Recently on Corona Geek Hangout 133, we continued working on our endless runner game by adding code to generate continuous hallways, add particle effects, and automatically restart the game when the player object runs into a wall. By the end of the Hangout our game was looking a lot like the original. Watch these clips to see highlights from the conversation. Download the code and follow along.
During last week’s Hangout we continued development on our endless runner game. We added code to generate continuous hallways, handle memory cleanup of previous wall segments, and automatically restart the game when the player collides with a wall. We also added particle effects to the player. This week we talked more about how the particle effects work, added code to keep track of player progress, and added an interface for the player’s score and speed.
Recently on Corona Geek, we continued working on our endless runner game as part of an ongoing game development series. In Hangout 132 we added code to create the player object, handle touch inputs, and control camera movement. Here are highlights from the Hangout.
During last week’s Hangout we continued our endless runner game development series. We added a player object, added touch inputs, and created camera movement. This week we added code to handle continuous hallway generation, memory cleanup, and game restarting when the player runs into a wall. We also added particle effects to our player to give the game some extra flare.
Here are a collection of clips from Hangout 131 where we started writing code to create walls in our endless runner game. The process involved some 2D math, but you don’t have to understand all the details to follow along. We also talked with Walter Luh about the recent Corona Free announcement and Corona support for desktop apps.
During last week’s Hangout Walter Luh joined us to discuss the recent announcement that Corona SDK is now free. We also continued our game design series with a look at the 2D math required to create walls at a 45 degree angle. This week we added a player object, explored touch inputs, and created camera movement for our endless runner game.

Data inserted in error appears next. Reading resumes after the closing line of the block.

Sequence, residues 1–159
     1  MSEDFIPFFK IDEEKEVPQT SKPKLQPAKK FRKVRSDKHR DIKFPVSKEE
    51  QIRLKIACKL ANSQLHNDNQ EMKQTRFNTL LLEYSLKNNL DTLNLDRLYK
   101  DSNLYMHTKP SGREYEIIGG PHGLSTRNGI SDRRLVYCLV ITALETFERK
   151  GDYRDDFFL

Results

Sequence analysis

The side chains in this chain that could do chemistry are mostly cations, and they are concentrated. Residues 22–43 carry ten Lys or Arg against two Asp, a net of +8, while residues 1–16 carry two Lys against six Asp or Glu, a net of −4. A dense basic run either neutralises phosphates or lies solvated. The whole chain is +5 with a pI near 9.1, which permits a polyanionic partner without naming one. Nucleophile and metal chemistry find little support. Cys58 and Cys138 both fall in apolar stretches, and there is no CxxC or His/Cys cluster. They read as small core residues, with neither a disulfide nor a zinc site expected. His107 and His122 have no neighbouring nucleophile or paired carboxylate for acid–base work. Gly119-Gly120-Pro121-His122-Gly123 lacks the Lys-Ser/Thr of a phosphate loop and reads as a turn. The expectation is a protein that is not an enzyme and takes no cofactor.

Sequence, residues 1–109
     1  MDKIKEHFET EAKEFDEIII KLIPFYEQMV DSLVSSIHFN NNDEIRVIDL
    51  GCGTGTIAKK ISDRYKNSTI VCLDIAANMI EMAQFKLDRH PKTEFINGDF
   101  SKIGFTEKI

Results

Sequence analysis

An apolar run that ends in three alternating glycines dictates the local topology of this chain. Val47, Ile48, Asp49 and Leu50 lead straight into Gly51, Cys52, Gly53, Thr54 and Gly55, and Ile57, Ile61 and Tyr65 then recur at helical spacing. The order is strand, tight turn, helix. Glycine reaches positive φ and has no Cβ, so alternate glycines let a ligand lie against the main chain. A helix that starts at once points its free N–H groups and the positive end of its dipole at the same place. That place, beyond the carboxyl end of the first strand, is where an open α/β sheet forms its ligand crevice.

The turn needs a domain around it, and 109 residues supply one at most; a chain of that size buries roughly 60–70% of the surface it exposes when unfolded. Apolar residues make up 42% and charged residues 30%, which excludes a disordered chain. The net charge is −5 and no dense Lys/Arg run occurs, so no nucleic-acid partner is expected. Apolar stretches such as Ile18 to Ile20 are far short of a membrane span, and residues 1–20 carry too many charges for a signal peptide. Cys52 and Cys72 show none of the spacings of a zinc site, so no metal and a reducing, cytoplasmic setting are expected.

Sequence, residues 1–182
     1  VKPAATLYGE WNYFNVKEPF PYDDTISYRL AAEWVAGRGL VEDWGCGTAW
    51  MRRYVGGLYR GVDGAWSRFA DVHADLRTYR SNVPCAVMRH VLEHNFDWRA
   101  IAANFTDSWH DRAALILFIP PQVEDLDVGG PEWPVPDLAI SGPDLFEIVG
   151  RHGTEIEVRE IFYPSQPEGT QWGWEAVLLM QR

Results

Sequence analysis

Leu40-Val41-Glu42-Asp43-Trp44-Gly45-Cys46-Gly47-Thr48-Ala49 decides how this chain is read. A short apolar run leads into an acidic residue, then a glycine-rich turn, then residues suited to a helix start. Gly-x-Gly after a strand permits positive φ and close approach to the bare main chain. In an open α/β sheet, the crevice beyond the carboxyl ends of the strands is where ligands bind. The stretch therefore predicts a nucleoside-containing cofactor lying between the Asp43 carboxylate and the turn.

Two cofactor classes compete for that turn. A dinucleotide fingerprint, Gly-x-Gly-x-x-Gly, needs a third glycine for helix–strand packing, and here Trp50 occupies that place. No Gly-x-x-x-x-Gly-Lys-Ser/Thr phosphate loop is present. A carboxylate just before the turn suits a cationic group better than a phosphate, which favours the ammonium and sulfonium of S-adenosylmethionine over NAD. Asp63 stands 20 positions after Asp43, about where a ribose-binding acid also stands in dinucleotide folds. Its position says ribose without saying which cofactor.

During today’s Hangout, Walter Luh joined us to discuss the recent announcement that Corona is now free and will be adding desktop support for OSX and Win32. We also continued our game design series by writing code to create walls in our endless runner game. Creating walls at a 45 degree angle that can be used for collision detection takes a little bit of 2D match, but Ed Maurina from Roaming Gamer, LLC. took us through the code we needed to know.
During last week’s Hangout we started a new game design series with a focus on breaking down the various elements and mechanics of an existing endless runner game. This week we continued the conversation with a look at how the project is set up and what bits and pieces are required before we start laying down lines of code.
During last week’s Hangout we wrapped up our series on using Composer Library with a look at creating custom Composer Library transitions. This week we started a new series on game mechanics with a focus on breaking down the various elements and mechanics of an existing endless runner game. We also spent time discussing the Transition Library and how it can be used to add motion to your apps.
Recently on Corona Geek, we hosted a series of discussions on Composer that focused on how it is used to manage display objects, manage memory, pass data between scenes and create custom transitions. Here’s a summary of what we covered complete with video clips to help you jump into the parts of the conversation that interest you most.